Nicole has always believed in the power of “the journey, not the destination,” so when her Venice Beach studio Hustle and Flow was forced to close, she knew something big was bound to be on the horizon. Days later, she met Playlist owners Jorden Cohen and Rob Rubano. The timing could not have been more perfect – and Nicole found her new path as the face of Playlist.

women against negative talk playlist yoga nicole + i at the one year WANTiversary party in 2016

Our story? Well, I need to preface this by saying that I have spot-on friendtuition. I don’t know how, but I can so much as hear about someone from someone else and have a gut feeling that we’re going to be friends. I’ve learned this about myself in time, but when I met Nicole eight years ago in her spin class and had that friendtuition feeling right off the bat, I was so confused because I was also ridiculously intimidated by her.

It wasn’t that Nicole was actually intimidating or scary in the least. It was that I was in the midst of figuring myself out. I was just finding my voice as a writer and fitness instructor, was battling self-doubt when it came to calling myself a leader…and here was this woman who freaking OWNED THE ROOM the second she walked in.

I’d never seen anyone foster such a deep sense of community (“a following,” if you will) like Nicole did. She made people work hard without even realizing it was hard work. She made people laugh but never at the expense of anyone or anything else. She looked you in the eye and listened to what you had to say, even if she’d met you three seconds beforehand. And she didn’t apologize for being herself.

She was badass. She was soulful. She was exactly what I wanted to be like but didn’t know I could become.

Fast forward to the Now, and she’s one of those “lifer” friends of mine. We’ve seen each other through some high highs and low lows, and I can say on my end that I’m not only a better person to have had her cheering me on, but am a bolder person for bearing witness as her story unfolds and seeing her move forward fearlessly through it all. Injuries. Relationships. Speed bumps. Successes. She’s the definition of fearless: when the fear is less than the faith.

The more comfortable I am being uncomfortable, the better prepared I am for surprises. - @nicolesciacca Click To Tweet

I realized the other day that I hadn’t spotlighted a WANT Woman on the site since last year – crazy, right? Especially since one of the things I value most is connection. This means not only introducing you to WANT Women around the globe, but helping you connect with women who can ultimately help you find a deeper connection with YOURSELF. And so I thought, who better to get back into the flow of things than one of the WANTiest women I know. I love our WANT community so much, it was crazy to me I hadn’t introduced you to Nicole yet. So. Here. Done and done.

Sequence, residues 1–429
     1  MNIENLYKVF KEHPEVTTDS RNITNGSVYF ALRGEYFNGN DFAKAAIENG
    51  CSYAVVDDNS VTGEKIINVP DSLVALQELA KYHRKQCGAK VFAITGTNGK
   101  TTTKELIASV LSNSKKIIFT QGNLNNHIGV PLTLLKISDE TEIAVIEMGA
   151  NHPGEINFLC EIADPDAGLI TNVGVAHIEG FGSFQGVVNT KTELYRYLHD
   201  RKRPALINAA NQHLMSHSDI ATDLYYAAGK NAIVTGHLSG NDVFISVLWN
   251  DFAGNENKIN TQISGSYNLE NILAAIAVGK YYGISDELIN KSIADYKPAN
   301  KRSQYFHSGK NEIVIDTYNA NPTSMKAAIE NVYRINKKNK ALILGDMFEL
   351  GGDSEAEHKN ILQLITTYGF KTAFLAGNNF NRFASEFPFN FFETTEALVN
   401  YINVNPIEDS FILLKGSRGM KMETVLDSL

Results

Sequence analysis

They (whoever “they” are) say that you need to see it to be it. And for me, Nicole was one of the first people to show me the kind of person I could become if I was brave enough to go there. Our story is never finished, our practice is never perfected, and if we just hold the mirror up and reflect our light onto one another, we’re able to surpass our wildest expectations.

WANT NICOLE.

Name: Nicole Sciacca


How you’d know me (occupation or role):
I have been teaching yoga, group fitness, and indoor cycling as well as private training for almost a decade in Los Angeles, California. I formally owned a cycling and yoga studio called Hustle & Flow Fitness on Abbot Kinney Blvd in Venice. Currently I am the Chief Yoga Officer (CYO) at PLAYLIST. Yoga in West Hollywood.


What I love about myself (and why):
One of the things I love about myself is my sense of humor, because what are we doing, you guys? This LIFE business is crazy. And awesome. And scary. And beautiful. And unnerving. So please…let’s just laugh. Also, my resilience. I’m pretty sure that is a new found quality over the last 4-5 years but I can tell you I see the importance in resiliency now more than ever.


What is your definition of “positivity?”